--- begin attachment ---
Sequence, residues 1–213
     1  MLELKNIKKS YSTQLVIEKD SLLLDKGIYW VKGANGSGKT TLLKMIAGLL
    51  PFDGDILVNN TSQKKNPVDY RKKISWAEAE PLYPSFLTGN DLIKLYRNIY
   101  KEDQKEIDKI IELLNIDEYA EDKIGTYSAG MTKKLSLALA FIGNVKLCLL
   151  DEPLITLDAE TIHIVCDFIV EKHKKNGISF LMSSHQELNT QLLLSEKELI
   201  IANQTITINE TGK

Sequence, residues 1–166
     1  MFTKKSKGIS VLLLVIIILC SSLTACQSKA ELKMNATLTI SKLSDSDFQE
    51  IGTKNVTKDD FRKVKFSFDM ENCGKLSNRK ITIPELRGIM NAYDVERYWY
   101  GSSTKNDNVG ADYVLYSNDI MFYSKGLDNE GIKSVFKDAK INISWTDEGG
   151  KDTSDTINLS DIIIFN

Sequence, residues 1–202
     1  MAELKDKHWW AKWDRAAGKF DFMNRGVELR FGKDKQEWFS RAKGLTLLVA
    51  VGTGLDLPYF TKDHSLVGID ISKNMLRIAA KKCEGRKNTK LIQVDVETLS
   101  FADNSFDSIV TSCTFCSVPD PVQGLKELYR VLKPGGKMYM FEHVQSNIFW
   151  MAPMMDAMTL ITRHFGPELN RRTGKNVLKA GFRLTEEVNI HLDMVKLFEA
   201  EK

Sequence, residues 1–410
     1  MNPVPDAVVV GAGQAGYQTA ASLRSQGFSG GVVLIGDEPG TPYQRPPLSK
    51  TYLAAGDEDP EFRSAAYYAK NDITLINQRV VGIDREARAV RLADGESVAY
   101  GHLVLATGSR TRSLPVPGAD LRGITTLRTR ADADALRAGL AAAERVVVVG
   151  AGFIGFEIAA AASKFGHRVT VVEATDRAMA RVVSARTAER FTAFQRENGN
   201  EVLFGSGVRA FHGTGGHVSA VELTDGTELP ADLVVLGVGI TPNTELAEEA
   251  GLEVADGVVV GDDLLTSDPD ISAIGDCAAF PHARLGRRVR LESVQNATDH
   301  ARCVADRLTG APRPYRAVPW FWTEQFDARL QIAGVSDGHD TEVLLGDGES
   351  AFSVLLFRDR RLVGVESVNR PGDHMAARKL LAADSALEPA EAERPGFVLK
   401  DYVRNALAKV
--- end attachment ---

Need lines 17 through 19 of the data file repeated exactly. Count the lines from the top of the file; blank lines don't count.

   201  EK

Sequence, residues 1–410
     1  MNPVPDAVVV GAGQAGYQTA ASLRSQGFSG GVVLIGDEPG TPYQRPPLSK